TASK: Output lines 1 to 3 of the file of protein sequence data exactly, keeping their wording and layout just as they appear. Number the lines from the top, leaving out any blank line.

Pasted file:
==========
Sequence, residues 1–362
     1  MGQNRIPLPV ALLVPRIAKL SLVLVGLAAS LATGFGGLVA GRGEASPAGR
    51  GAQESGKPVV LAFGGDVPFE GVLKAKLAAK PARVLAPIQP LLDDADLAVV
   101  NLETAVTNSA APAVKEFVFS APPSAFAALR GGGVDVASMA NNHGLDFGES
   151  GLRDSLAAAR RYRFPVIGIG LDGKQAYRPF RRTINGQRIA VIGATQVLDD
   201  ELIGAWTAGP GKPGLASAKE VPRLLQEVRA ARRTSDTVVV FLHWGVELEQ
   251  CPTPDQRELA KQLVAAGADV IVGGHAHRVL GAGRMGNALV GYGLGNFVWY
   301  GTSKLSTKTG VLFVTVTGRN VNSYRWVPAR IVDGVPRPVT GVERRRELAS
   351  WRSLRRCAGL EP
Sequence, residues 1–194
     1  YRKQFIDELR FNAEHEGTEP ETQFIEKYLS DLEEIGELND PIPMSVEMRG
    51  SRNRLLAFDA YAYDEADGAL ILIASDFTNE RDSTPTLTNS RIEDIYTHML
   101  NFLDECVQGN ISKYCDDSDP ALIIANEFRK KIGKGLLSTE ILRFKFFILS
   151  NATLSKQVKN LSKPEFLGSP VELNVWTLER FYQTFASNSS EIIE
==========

Sequence, residues 1–362
     1  MGQNRIPLPV ALLVPRIAKL SLVLVGLAAS LATGFGGLVA GRGEASPAGR
    51  GAQESGKPVV LAFGGDVPFE GVLKAKLAAK PARVLAPIQP LLDDADLAVV